Hallberg was right that the debate is usually presented as this choice. However, as we at the Center of the American Experiment showed in our 2018 report, “Unearthing Prosperity: How Environmentally Responsible Mining Will Boost Minnesota’s Economy,” it is a false choice. Sulfide ore copper mining can be done in an environmentally sustainable way.
Sadly, despite her awareness of this trap, Hallberg fell into it herself.
She wrote, “A 2018 study by two Harvard economists compared the likely effects on employment and income of two alternative development paths — ‘with’ and ‘without’ the project — over the next 20 years. … The results were striking. Under almost all of the scenarios, the Twin Metals project would create a temporary boost to regional employment and income, but this would only last a few years. After that, the economic benefits of the project would be outweighed by its negative impact on the recreational industry and in-migration. In the end, the region would be left worse off economically.”
But there are serious problems with the study she cited. First, the authors’ central assumption was that if the proposed Twin Metals operation goes ahead, “recreational employment” would contract at either 1.2% or 2.4% annually. But they offered no basis for this assumption. It was simply plucked from thin air. Indeed, data on employment for Marquette County in Michigan, home to the Eagle Mine since 2014, shows that leisure and hospitality employment actually rose there since the mine opened.
Second, the authors, James H. Stock and Jacob T. Bradt, omitted induced employment effects. The opening of a mine, for example, creates jobs in the mine which are called direct effects; jobs created for the mine’s suppliers are indirect effects, and jobs created by the spending of the workers employed in the direct and indirect jobs are induced effects. Induced effects are a standard part of economic-impact analysis but were excluded from this study.
Stock and Bradt explained this exclusion by arguing that there is “no reason to think induced effects would differ depending on the income source, so they would be proportional to direct plus indirect income changes for both the mining and hospitality industry.” This is breathtakingly wide of the mark.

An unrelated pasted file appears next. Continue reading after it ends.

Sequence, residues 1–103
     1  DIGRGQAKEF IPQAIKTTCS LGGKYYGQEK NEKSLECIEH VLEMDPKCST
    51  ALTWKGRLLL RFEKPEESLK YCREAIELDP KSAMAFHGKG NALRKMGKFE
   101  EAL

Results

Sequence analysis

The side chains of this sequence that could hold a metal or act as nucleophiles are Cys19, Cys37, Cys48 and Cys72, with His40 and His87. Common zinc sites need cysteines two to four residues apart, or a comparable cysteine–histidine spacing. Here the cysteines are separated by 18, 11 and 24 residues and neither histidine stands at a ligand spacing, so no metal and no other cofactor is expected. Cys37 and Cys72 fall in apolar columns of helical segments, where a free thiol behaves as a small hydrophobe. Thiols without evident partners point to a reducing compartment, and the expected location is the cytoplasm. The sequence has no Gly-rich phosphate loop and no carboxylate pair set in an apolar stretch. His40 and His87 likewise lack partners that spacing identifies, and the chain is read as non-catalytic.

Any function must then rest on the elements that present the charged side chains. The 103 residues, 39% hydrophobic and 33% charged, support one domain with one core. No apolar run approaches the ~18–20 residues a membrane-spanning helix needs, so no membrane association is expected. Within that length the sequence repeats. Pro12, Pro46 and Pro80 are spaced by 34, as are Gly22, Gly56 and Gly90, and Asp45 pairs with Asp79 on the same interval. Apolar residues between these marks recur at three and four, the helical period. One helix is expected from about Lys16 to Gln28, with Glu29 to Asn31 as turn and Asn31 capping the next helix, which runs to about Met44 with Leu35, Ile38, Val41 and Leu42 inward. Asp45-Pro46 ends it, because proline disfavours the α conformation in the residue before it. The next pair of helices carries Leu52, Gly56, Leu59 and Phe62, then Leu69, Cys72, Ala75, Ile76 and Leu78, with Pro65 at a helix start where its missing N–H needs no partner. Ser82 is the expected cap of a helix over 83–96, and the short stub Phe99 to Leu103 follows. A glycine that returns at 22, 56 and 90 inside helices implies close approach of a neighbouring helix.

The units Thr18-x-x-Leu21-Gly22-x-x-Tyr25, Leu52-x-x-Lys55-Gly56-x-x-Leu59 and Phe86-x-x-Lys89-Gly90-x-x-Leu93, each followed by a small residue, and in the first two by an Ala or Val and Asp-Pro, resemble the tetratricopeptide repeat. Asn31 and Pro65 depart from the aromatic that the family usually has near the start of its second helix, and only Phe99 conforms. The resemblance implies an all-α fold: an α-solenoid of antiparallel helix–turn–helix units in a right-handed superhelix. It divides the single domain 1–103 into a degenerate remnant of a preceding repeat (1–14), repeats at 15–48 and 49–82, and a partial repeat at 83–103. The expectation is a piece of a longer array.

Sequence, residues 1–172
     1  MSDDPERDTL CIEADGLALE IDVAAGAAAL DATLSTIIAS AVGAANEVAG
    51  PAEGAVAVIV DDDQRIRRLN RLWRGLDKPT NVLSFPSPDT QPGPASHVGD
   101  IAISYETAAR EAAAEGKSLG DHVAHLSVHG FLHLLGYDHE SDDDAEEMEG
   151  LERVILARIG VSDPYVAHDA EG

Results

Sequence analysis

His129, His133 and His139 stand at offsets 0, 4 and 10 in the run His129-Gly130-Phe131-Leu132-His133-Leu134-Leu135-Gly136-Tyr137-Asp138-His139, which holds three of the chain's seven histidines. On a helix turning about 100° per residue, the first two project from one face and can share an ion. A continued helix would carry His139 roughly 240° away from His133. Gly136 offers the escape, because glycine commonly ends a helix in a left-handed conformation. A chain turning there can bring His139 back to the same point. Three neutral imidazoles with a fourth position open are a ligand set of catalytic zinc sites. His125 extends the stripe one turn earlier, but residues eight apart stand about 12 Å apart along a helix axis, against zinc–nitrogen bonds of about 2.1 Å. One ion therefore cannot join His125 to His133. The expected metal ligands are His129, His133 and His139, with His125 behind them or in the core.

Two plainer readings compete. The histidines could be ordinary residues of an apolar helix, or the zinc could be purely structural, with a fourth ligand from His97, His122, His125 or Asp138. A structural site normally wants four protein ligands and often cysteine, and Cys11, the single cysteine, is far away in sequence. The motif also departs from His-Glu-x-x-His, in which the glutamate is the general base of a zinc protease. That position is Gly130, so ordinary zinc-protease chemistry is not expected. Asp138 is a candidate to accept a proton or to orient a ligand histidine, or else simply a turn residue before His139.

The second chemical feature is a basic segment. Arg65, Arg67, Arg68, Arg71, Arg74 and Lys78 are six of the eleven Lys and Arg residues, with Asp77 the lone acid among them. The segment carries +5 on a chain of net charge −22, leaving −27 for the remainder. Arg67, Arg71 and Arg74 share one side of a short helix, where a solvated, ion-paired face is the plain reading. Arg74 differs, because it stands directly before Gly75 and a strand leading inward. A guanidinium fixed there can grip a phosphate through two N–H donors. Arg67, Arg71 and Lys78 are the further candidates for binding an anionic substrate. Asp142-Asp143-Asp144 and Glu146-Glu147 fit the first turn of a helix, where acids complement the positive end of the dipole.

True, if you created jobs for 10 miners on $100,000 each and 10 baristas on $100,000 each, the induced effects would be the same (assuming the indirect effects were also). But that is not the case with jobs in mining and jobs in leisure and hospitality. According to the Bureau of Labor Statistics, the average annual pay in all private establishment sizes in St. Louis County in 2018 was $98,954 for metal ore mining and $16,886 for leisure and hospitality. As mine workers have more money to spend than leisure and hospitality workers, it follows there would be more induced jobs resulting from mining than from leisure and hospitality.
And that is what the IMPLAN economics impact modeling software shows. When we ran the numbers for 2017, we found that, because of the higher wages in the direct effects and the larger scale of the supply chains in the indirect effect, 100 copper-mining jobs would generate 128 induced jobs while 100 restaurant jobs would generate just 20. Induced jobs are 15% of the total effect for restaurant employment but 46% of the total effect for copper-mining employment. Excluding the induced effects lowers the expected benefits of both, but that reduction will be greater for mining. Stock and Bradt are wrong.
If your assumptions have no basis in evidence and you arbitrarily exclude unhelpful impacts from your analysis, you can come up with almost any estimate you want. It would be a shame — and ill-serves the debate of this crucial issue — if the false choice of mining-versus-the environment was to continue to be presented based on such shoddy evidence.
John Phelan is an economist for the Center of the American Experiment (AmericanExperiment.org), which is based in Golden Valley, Minn. He wrote this for the News Tribune.